Since these regulations have thus far been largely ignored, the concept of CMP.LY remains uncertain and new. But is this firm the first of many similar companies to pop up and offer support and guidance to agencies that integrate social media campaigns? Will the FTC take more serious action against violators and inevitably begin a new era in social media regulation? How important is CMP.LY today? For years, the laws on social media and the digital marketing, in general have been vague (i.e can we use licensed music to promote a brand on youtube or on a website), but these questions may be far behind us.

I can’t help but wonder how the FTC will affect small firms or start ups that may not have the funds to work with companies like CMP.LY. Perhaps the laws and regulations will be more transparent and understandable to 'regular' business owners that need to learn the nuances of social media marketing from the start. We will need to learn new practices and legal solutions if our companies plan to work within the system. Perhaps companies like CMP.LY should develop software or teaching tools to sell to the mainstream market so smaller firms can take advantage of their services.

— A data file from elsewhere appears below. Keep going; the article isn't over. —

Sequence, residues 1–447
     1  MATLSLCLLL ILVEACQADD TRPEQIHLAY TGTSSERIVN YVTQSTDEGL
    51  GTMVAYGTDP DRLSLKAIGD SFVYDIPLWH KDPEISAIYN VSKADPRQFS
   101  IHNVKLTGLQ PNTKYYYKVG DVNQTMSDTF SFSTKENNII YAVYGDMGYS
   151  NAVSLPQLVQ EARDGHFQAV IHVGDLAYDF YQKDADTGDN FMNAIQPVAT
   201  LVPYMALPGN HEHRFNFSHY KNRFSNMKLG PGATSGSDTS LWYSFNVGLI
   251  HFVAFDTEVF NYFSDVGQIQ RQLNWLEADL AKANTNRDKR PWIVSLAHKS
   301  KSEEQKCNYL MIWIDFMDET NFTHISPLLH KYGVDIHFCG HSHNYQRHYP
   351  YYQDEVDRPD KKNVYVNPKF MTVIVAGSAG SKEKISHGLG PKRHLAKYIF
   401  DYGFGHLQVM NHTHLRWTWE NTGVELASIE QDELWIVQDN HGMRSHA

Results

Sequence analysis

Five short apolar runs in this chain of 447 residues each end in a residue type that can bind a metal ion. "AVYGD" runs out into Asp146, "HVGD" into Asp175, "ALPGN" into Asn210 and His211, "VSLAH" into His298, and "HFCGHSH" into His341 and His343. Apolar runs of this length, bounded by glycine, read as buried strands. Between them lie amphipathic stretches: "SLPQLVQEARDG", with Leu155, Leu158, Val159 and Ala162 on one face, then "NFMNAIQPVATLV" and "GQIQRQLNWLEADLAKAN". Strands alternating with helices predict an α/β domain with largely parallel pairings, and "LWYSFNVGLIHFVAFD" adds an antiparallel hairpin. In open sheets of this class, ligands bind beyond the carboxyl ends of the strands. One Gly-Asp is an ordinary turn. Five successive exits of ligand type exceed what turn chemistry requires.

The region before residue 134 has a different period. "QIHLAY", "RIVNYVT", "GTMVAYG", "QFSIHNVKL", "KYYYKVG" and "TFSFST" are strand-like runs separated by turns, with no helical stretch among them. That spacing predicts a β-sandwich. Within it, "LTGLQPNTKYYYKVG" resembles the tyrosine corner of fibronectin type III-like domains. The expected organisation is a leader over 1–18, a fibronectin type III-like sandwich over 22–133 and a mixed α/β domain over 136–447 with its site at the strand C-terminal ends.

I believe this is only the beginning of the crackdown on social media marketing and we need to take action to protect ourselves.